NZ Sevens coach future is pending
NEWS: New Zealand sevens coach Gordon Tietjens will only make a final decision on his coaching future after the post-Olympics review.
Tietjens, whose contract is up, said his immediate focus was to work with NZ Rugby and the New Zealand Olympic Committee in completing a post-tournament analysis of the failed Rio campaign.
New Zealand failed to medal, losing 7-12 to Fiji in their quarterfinal. Earlier losses to Japan and Great Britain in pool play meant the New Zealand won just one of their four games.
In reference to his future with the team Tietjens said: "I am certainly not going to be making any comment around that as we speak.
"But I have been involved in sevens rugby for 22 years. Like everyone else I am really disappointed in the result.
"My team gave it everything and so did the management team. When you reflect back, would you have done things differently? That will be tabled in the review and hopefully leads to a more successful campaign when it comes to the Olympics in 2020,"
If the review process is rigorous there will no shortage of material to sift through.
In addition to not having access to a number of high-profile All Blacks, who for varying reasons opted not to commit to the Olympics, Tietjens felt his team wasn't helped by NZ Rugby not committing to the centralised programmes that have proved successful for other countries.
Selections were also debated in the sevens fraternity and when Kurt Baker was omitted from the Olympic squad he said he felt "used" by Tietjens.
Although it was clear a number of other countries had closed the gap on New Zealand, and the fact they finished third behind Fiji and South Africa in this year's world sevens series was a testament that they faced a real battle in Rio, there was optimism they could claim a medal.
The shock loss to Japan in the opening round provided a nasty reality check and after losing their final pool match to Great Britain they were fortunate to scrape into the quarterfinal where they played their best game against eventual gold medalists Fiji.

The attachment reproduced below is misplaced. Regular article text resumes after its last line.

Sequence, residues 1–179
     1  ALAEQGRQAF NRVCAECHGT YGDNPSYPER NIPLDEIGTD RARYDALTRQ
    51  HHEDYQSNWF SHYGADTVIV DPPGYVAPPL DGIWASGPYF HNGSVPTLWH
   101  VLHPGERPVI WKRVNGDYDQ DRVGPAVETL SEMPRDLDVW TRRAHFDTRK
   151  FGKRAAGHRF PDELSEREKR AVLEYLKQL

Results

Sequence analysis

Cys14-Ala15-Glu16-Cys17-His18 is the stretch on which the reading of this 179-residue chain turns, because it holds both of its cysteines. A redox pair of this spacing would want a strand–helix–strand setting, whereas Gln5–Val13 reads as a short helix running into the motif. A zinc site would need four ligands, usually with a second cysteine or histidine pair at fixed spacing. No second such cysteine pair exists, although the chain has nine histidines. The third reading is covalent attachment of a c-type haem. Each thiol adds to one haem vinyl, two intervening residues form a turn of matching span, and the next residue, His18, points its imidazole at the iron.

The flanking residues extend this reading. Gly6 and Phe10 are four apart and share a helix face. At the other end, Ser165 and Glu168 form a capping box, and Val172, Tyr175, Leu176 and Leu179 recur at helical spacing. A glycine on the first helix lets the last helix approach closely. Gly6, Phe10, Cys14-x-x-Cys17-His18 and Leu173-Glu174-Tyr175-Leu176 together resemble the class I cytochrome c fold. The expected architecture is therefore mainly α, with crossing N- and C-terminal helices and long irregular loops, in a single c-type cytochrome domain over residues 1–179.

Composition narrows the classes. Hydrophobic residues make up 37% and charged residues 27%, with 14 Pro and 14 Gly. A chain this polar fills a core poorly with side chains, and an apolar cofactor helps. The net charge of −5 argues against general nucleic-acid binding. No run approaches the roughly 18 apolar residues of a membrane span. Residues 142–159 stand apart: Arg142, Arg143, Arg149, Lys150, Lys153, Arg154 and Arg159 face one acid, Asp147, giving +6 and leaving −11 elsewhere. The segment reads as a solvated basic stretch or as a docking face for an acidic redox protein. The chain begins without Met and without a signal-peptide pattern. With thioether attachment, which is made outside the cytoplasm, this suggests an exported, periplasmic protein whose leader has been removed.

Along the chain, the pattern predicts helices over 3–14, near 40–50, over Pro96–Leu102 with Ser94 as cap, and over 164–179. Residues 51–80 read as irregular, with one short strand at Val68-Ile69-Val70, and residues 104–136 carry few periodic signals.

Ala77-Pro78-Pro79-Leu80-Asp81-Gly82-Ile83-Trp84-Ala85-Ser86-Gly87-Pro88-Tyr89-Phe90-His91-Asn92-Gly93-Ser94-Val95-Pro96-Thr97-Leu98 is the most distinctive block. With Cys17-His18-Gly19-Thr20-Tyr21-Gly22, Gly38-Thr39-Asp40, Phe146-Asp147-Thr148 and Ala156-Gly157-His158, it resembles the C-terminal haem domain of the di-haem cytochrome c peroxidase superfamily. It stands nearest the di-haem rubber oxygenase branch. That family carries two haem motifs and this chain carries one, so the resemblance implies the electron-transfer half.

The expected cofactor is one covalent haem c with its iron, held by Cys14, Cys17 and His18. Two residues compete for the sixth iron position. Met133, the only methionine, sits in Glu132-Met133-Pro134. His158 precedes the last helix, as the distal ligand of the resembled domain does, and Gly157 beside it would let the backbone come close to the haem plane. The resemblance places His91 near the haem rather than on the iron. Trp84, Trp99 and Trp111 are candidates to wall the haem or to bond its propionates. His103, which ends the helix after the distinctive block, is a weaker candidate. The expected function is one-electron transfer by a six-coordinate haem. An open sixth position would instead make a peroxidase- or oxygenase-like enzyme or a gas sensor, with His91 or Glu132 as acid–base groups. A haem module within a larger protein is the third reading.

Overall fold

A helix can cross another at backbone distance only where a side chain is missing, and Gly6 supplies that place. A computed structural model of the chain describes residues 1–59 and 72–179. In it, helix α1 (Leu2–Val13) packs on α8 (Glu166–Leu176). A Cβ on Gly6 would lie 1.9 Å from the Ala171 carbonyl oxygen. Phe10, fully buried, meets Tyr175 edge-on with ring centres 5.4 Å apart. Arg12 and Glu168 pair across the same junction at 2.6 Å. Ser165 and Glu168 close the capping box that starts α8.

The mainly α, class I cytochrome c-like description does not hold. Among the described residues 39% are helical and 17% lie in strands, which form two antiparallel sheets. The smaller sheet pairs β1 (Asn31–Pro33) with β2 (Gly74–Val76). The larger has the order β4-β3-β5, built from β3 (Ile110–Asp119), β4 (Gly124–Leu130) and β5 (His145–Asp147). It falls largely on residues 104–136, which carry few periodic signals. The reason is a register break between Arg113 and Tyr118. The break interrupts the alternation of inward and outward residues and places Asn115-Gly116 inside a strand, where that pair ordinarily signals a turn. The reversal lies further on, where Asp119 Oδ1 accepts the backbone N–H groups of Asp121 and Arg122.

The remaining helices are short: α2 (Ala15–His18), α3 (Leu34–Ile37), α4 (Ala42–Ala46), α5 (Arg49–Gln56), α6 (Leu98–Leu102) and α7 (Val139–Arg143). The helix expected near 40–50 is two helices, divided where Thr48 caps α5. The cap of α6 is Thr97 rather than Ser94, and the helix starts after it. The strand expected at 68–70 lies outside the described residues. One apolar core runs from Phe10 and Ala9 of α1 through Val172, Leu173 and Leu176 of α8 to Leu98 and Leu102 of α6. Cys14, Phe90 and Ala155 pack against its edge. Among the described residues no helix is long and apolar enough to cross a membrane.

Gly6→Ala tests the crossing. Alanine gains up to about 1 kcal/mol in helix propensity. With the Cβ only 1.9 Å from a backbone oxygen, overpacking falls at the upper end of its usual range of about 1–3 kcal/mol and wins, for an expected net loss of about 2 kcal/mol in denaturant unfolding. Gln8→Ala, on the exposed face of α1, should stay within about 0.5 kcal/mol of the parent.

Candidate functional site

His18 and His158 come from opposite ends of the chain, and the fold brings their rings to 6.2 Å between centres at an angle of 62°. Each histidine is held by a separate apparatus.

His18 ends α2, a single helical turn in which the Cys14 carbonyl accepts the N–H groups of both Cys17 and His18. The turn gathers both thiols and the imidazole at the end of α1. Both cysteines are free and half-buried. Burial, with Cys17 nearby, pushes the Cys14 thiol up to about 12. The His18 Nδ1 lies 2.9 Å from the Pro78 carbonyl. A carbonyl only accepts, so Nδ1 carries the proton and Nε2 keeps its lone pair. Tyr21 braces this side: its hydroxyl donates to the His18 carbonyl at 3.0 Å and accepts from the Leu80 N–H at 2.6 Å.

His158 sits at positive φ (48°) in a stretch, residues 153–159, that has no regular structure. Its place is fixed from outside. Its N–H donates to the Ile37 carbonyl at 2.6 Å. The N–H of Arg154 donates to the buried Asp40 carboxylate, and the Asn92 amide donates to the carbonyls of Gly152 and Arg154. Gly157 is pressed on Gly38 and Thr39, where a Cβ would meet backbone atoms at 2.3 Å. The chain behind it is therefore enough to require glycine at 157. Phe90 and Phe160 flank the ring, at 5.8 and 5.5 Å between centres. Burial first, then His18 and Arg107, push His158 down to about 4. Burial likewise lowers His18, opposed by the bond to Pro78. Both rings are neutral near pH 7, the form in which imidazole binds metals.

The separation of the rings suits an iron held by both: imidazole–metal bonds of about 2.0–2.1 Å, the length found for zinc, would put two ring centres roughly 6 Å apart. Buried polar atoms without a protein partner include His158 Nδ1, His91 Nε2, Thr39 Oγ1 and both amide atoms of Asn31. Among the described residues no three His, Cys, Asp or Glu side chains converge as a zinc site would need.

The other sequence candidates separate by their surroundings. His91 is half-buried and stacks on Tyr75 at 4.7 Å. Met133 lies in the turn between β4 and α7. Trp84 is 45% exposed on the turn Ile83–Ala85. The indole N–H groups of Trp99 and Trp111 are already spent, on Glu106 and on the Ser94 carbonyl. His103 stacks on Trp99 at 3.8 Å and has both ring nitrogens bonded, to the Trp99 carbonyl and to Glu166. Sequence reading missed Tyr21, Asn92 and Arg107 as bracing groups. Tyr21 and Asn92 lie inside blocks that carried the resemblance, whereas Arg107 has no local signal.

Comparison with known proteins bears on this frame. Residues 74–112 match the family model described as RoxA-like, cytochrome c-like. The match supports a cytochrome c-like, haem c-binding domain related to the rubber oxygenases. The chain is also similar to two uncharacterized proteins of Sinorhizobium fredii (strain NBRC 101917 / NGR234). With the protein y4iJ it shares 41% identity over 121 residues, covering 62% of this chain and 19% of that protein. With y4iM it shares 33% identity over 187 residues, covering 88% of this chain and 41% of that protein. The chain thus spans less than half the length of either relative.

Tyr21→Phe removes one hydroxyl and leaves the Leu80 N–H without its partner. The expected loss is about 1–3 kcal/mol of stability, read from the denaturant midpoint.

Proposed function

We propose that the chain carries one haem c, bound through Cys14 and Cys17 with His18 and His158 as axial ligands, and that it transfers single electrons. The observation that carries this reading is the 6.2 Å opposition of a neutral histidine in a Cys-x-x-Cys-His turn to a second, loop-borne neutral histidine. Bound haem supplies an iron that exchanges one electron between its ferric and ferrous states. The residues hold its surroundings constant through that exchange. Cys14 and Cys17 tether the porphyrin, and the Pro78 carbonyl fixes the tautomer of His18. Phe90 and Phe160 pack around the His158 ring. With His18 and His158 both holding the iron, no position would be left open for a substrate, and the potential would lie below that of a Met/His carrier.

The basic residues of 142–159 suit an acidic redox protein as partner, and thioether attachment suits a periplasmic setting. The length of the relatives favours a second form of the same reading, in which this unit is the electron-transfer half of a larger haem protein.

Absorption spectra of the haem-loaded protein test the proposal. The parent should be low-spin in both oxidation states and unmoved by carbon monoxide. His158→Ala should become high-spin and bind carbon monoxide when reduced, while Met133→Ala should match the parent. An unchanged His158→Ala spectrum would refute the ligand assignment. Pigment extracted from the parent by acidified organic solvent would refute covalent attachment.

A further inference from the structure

Farewelling Sonny Bill Williams (ruptured Achilles tendon) and Joe Webber (shoulder injury) during the loss to Japan was a major blow and created a "massive" change in the team's dynamics, said Tietjens.
"I have sat back and reflected in a huge way on what worked and didn't work. Upon reflection, there are certainly lots of areas you can look at.
"When we lined-up for that first game against Japan, we were mentally and physically there. And then of course in that particular game I lose two of my most influential players out of the tournament in Joe Webber and Sonny Bill Williams," he added.
Losing captain Scott Curry with a leg injury ahead of the sudden-death match against Fiji was also a blow.
"[Curry and Weber] were influential in terms of how we wanted to play the game. It does play its part. I would never go to the media and say we lost because of injuries because I certainly felt in the game against Fiji we proved we could compete against the best,"
The topic of whether having more access to the top All Blacks would have improved the side has been hotly debated following the team's exit.
However, Tietjens noted Australia and South Africa elected not to select Quade Cooper and Bryan Habana because they didn't have the conditioning or background in the abbreviated game.
There was no guarantee All Blacks such as Kieran Read, Ben Smith, Beauden Barrett or Ardie Savea could have improved the sevens' team's medal chances, but their exposure to high-pressure games may have been beneficial.
"The Olympics is all about pressure and expectation. I had a lot of young players in my side and hence that pressure was, in some ways, too much," Tietjens noted.
"Perhaps at crucial times we lacked that experience. You may get that through international players, you may get it through All Blacks or Super Rugby players because they are always playing on the big stage."
Tietjens also believes Williams could play sevens again - although he will spend the next nine months recovering from his injury.
"You could see the improvement all the time. He was loving it and he was looking so forward to going back to the All Blacks when he was so fit and rejuvenated. Of course that injury was quite shattering and I felt so disappointed for him.
"He said he would love to play sevens again and I have no doubt he will."